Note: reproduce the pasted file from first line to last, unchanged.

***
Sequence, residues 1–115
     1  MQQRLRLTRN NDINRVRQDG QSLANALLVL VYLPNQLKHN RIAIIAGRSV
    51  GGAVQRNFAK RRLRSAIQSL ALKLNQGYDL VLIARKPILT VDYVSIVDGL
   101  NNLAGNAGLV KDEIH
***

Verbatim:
Sequence, residues 1–115
     1  MQQRLRLTRN NDINRVRQDG QSLANALLVL VYLPNQLKHN RIAIIAGRSV
    51  GGAVQRNFAK RRLRSAIQSL ALKLNQGYDL VLIARKPILT VDYVSIVDGL
   101  NNLAGNAGLV KDEIH